Alexander Douglas/ Peter Millican/ Kirsten Walsh
‘Reason’ and ‘knowledge’, and the relationship between them, were major themes in Enlightenment philosophy, and drew the attention of some of the most respected philosophers of the time, including Decartes, Leibniz, and Spinoza, often referred to as the rationalists, and Locke, Berkeley, and Hume, the so-called empiricists. Since then, the empiricists have tended to have the upper hand in intellectual life, if not always in philosophy. In this event, we discuss what was at stake in these debates, what we might say about these ideas today, and whether we’ve been too quick to dismiss rationalism.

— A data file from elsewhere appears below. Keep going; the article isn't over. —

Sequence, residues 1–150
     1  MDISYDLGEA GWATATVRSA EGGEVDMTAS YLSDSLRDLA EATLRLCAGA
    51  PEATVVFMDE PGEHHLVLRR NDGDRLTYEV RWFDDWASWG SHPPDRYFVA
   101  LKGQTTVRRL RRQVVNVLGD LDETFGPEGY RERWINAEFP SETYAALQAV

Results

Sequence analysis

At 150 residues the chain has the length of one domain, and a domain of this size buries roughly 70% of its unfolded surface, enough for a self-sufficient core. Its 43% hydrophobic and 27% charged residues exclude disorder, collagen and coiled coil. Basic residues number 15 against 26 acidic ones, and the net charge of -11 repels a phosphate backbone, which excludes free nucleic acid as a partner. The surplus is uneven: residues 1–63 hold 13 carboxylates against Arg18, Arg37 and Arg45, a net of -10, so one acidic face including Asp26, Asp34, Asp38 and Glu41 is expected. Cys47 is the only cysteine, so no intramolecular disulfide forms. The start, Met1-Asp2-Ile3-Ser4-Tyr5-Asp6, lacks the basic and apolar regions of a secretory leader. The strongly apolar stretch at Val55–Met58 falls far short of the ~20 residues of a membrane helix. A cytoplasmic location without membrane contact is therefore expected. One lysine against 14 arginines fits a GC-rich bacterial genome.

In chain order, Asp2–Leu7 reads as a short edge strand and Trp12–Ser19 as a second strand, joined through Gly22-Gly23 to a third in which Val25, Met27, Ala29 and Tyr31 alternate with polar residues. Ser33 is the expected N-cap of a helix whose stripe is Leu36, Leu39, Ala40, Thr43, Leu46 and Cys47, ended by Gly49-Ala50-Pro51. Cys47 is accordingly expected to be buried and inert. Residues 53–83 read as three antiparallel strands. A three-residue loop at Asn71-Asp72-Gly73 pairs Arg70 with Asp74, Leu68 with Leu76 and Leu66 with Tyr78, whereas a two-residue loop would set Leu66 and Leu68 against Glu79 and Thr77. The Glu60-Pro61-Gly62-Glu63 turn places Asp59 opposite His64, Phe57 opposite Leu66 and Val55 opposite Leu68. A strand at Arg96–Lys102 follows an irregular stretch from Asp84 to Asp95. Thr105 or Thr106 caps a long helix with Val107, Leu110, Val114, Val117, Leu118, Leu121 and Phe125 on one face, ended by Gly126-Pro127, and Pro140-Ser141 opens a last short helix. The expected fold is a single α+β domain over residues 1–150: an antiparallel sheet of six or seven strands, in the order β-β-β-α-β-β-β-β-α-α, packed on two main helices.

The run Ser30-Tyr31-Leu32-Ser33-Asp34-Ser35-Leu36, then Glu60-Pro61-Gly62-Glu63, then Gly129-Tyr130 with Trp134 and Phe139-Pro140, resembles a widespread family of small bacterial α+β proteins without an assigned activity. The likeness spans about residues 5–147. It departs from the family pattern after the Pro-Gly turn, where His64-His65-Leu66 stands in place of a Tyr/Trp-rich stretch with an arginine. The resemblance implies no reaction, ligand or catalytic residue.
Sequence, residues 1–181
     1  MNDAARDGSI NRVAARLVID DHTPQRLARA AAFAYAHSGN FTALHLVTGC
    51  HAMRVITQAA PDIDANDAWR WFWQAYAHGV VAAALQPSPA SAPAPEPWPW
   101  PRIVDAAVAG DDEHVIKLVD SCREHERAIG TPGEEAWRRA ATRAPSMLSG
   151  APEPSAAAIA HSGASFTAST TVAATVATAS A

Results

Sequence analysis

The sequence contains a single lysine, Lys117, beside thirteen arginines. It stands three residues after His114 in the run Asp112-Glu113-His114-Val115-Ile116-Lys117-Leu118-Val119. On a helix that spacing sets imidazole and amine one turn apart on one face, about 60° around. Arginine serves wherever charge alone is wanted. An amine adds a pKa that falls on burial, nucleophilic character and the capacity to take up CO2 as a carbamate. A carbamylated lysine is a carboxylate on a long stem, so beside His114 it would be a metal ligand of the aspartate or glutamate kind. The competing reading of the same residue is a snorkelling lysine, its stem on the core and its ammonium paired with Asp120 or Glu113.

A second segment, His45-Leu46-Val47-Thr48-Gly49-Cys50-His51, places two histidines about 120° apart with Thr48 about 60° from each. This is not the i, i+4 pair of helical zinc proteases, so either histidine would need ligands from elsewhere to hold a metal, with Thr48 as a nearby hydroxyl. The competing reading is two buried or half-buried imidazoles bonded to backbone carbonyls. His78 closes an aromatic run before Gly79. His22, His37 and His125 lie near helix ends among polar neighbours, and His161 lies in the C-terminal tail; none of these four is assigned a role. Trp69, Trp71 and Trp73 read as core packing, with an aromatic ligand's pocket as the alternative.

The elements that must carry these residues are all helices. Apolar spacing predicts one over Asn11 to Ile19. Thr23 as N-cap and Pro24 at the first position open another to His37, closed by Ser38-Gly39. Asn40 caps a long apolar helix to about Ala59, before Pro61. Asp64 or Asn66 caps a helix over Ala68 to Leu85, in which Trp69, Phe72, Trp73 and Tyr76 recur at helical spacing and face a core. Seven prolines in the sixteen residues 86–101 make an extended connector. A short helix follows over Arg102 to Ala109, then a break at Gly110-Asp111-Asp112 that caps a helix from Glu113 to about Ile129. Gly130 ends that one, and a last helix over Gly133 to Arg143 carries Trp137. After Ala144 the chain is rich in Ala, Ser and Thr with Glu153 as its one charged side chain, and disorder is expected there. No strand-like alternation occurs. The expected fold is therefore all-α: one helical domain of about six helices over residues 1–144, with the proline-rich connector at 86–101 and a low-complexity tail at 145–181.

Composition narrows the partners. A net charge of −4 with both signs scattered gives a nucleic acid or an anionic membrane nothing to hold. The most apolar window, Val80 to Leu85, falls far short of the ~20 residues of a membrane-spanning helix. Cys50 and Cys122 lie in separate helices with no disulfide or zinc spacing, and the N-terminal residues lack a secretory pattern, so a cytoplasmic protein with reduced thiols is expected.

Lecturer in Philosophy, University of St. Andrews
Gilbert Ryle Fellow and Professor of Philosophy, Hertford College, Oxford University
Assistant Professor of Philosophy, University of Nottingham
IRC Postdoctoral Fellow, Trinity College Dublin & Fellow, Forum for Philosophy
Recorded on 21 May 2018 at the LSE